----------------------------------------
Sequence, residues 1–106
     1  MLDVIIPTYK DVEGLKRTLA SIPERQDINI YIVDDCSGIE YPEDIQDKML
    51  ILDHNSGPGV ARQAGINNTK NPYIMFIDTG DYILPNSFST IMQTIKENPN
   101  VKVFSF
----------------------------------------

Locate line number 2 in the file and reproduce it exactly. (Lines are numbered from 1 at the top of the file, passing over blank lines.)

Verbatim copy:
     1  MLDVIIPTYK DVEGLKRTLA SIPERQDINI YIVDDCSGIE YPEDIQDKML